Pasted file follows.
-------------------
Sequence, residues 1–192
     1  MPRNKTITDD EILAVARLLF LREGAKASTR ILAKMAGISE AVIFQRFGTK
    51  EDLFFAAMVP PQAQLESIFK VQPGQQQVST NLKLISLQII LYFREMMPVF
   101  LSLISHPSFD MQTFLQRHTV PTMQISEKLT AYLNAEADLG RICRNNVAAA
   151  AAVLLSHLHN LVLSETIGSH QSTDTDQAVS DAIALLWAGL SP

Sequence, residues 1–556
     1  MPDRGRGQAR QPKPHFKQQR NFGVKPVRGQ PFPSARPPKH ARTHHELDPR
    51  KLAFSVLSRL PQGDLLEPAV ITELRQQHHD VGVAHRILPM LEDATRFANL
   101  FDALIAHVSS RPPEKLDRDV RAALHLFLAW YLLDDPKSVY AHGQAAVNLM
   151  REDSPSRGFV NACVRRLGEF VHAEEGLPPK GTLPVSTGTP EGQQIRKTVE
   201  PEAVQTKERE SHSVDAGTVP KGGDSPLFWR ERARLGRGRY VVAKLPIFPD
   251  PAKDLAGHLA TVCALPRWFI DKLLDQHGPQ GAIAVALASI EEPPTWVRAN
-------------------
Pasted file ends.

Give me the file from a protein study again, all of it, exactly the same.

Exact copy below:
Sequence, residues 1–192
     1  MPRNKTITDD EILAVARLLF LREGAKASTR ILAKMAGISE AVIFQRFGTK
    51  EDLFFAAMVP PQAQLESIFK VQPGQQQVST NLKLISLQII LYFREMMPVF
   101  LSLISHPSFD MQTFLQRHTV PTMQISEKLT AYLNAEADLG RICRNNVAAA
   151  AAVLLSHLHN LVLSETIGSH QSTDTDQAVS DAIALLWAGL SP

Sequence, residues 1–556
     1  MPDRGRGQAR QPKPHFKQQR NFGVKPVRGQ PFPSARPPKH ARTHHELDPR
    51  KLAFSVLSRL PQGDLLEPAV ITELRQQHHD VGVAHRILPM LEDATRFANL
   101  FDALIAHVSS RPPEKLDRDV RAALHLFLAW YLLDDPKSVY AHGQAAVNLM
   151  REDSPSRGFV NACVRRLGEF VHAEEGLPPK GTLPVSTGTP EGQQIRKTVE
   201  PEAVQTKERE SHSVDAGTVP KGGDSPLFWR ERARLGRGRY VVAKLPIFPD
   251  PAKDLAGHLA TVCALPRWFI DKLLDQHGPQ GAIAVALASI EEPPTWVRAN